Onixonst: “Take Us Back III” – expansive creativity!

Onixonst is a difficult producer to pin down. Crudely, he appears to be riding a wave of three or four electronic genres; the pitch-black minimalism of electro, the more overtly trap flavors, the jump-up rhythms of house and the deep, experimental stuff he brings out on the odd occasion. But Onixonst flits between all of these approaches; the result, perhaps, of him being such a restlessly active producer. The rumor, or the myth, is that he has hundreds of productions on his hard drive.  It’s fitting, then, that this house influenced album, “Take Us Back III” sounds so eclectic. The sense of flux and fluidity is partly due to Onixonst’s eloquent mixing style; he crams in 17 tracks over the course of this selection, with some cuts lasting as long as 14 minutes. It’s also a result of the way Onixonst likes to sequence tracks; snatches of lilting melody, and atypically gorgeous bass rhythms.

Nothing collides and jumps out at you, no matter how stirring and animated, instead they brilliantly blur together in a bouquet of rhythms and sound. Onixonst is one of the most ground breaking electronic producers around today. If you’re unfamiliar with Onixonst’s music you may be waiting for me to point out specific tracks or specific elements that are either exceptional or boring, but you can’t do that with this kind of producer.

His music truly stands out when taken as a whole, even though each individual track is like an electronic symphony on its own. The tracks on “Take Us Back III” require a lot of attention on the part of the listener to allow them to become fully absorbed in the vibe and nature of the music.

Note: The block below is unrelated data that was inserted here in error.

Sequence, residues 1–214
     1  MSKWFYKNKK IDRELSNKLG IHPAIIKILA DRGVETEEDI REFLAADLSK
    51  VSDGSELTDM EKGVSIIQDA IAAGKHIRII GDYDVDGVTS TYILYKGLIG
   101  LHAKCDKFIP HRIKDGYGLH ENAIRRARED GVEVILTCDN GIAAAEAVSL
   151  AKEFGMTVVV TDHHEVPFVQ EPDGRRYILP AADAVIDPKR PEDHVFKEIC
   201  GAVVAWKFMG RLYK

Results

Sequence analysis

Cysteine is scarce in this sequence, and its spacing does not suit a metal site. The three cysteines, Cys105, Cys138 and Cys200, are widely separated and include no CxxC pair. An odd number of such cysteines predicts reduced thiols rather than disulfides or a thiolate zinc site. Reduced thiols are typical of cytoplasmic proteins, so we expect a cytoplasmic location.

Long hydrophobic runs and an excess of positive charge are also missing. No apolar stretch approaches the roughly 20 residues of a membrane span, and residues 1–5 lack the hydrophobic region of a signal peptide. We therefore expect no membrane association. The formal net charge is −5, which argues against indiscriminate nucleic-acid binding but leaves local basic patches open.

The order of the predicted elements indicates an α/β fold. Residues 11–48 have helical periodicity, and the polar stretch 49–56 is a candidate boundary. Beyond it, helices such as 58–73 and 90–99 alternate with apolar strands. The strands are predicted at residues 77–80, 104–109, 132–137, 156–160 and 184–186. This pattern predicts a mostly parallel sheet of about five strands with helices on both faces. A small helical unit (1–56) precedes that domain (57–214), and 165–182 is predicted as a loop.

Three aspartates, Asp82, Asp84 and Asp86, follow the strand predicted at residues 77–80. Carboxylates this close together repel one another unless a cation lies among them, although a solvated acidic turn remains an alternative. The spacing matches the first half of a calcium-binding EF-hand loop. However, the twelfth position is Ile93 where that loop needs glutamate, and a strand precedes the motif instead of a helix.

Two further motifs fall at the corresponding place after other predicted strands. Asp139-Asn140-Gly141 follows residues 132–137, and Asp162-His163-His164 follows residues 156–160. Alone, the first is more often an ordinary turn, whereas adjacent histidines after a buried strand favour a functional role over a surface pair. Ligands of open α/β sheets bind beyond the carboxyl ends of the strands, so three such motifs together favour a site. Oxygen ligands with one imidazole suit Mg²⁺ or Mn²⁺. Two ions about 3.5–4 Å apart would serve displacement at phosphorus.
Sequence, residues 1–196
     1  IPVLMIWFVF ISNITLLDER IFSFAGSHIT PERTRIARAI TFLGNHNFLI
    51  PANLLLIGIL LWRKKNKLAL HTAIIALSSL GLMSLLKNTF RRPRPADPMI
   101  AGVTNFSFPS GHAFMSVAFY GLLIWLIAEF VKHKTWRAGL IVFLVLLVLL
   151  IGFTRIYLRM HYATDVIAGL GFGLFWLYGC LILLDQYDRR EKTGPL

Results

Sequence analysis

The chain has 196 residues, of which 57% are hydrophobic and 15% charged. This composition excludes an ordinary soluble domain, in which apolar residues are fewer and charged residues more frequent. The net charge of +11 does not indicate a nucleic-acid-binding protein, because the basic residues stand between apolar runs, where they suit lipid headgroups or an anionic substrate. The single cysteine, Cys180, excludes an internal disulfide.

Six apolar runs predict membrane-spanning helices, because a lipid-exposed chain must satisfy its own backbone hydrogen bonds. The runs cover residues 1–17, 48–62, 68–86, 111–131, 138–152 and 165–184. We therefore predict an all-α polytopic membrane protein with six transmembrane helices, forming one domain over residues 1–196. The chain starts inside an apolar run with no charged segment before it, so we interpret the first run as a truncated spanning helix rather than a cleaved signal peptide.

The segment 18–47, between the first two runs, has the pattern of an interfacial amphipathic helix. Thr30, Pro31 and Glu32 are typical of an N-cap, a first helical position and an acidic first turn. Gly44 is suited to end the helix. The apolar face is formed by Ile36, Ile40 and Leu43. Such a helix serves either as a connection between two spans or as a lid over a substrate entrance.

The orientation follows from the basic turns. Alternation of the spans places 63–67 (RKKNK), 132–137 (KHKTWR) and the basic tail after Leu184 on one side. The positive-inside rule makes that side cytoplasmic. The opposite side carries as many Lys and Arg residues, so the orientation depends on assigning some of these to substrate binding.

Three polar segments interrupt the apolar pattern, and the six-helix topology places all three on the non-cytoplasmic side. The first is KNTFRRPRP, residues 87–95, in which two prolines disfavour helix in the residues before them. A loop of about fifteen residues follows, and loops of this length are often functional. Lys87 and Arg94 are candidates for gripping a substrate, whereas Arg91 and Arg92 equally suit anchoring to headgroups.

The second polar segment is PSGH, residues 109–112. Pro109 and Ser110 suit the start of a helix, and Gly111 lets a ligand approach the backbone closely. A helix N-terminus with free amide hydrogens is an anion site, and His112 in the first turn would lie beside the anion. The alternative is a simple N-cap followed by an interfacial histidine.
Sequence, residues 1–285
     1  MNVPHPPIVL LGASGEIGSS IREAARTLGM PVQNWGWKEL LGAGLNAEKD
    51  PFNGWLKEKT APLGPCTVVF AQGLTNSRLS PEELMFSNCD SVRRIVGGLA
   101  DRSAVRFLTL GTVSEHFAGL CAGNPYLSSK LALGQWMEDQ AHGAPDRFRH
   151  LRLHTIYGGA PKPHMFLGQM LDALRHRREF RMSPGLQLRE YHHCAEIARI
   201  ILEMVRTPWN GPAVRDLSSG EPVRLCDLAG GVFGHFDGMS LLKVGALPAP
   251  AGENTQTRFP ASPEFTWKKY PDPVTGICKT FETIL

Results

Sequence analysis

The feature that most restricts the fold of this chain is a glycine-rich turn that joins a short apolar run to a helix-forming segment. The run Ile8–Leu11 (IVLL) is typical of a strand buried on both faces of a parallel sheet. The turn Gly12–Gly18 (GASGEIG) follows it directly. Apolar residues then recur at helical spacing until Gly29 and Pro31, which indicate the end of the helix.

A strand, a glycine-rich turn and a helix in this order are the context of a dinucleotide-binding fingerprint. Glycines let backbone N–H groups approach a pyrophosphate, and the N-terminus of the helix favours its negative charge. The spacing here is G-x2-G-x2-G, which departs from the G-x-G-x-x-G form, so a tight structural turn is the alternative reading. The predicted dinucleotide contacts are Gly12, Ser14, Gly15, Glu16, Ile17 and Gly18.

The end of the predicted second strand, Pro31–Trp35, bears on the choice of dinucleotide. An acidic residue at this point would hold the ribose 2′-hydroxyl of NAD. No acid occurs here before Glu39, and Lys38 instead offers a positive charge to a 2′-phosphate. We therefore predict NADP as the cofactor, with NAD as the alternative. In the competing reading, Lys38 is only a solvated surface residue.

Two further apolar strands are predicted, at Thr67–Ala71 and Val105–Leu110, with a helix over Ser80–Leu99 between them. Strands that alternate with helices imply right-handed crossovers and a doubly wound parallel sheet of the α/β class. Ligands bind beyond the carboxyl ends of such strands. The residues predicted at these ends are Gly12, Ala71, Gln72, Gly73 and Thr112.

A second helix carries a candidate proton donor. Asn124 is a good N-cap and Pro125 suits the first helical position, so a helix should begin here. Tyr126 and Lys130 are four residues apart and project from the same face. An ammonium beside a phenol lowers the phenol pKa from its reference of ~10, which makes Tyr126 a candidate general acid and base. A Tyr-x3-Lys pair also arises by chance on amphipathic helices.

It requires them to simply let go and allow their head to hypnotically move to the beats while the various sounds swirl in out and out of their speakers, and subsequently, their conscious thoughts; only then can this release (and most of Onixonst releases) be truly appreciated.  Sure, if you just want to jump up and down to the pulsating rhythms you can simply do that, but Onixonst represents electronic music that appeals more to the mind than it does to the feet. At least, in my opinion.

Also because Onixonst loves to experiment with irregular beats, that will morph and changes during a song. You can experience these mechanics early on, during “No Turning Back”, an especially “What Comes Before”. All throughout this album, Onixonst manages to strike a balance between his psychedelic, roving right hand and his streamlined focus on the other.

One effect of this compromise is decidedly abstract ambience. Checkout this succulent contrast on “What We Become”, or the expansive creativity of both hands on “In The Water”. The melodic range is narrowly limited on “Now Nothing Remains”, while the focus is on the steadily shifting rhythmic strata.

This deconstructive impulse haunts the bouncy, seductive track, “The Calm Before”, periodically slackening its slinky momentum nearly to a halt. One of the album’s strongest cut is “This Sorrowful Life” an immaculately paced bit of progressive euphoria.

The rhythm is heavy but dexterous, voluptuously textured while moving at a sweaty speed. Momentum is maintained more assiduously on “Too Far Gone” than anywhere else on this album, and not a second is wasted climbing to an ecstatic four-on-the-floor peak. On the opposite end is “The Despair Within” a sonically rich escapade that quietly builds and expands to a completely different conclusion.

As a piece, “Take Us Back III” lives between these extremes. On one end it’s a rhythm tour de force, as on the funky “You And Me”, and then it forges Onixonst’s heady roots with spiritual-like ascendants on “Crying In Arms”.  “The Clementine Mythos” is a consistently satisfying groove machine, and alongside the epic “Fate That Binds” is a worthy entry to the upper ranks of the producer’s canon.

Though the arrangements are often very lengthy, it always feels very accessible and easy to listen to. How much pleasure one derives from this album is entirely up to the listener. “Take Us Back III” is not meant to cater to the masses, but this is the point. Onixonst makes music for a niche audience who are looking for much more than a four-to-the-floor-beat.


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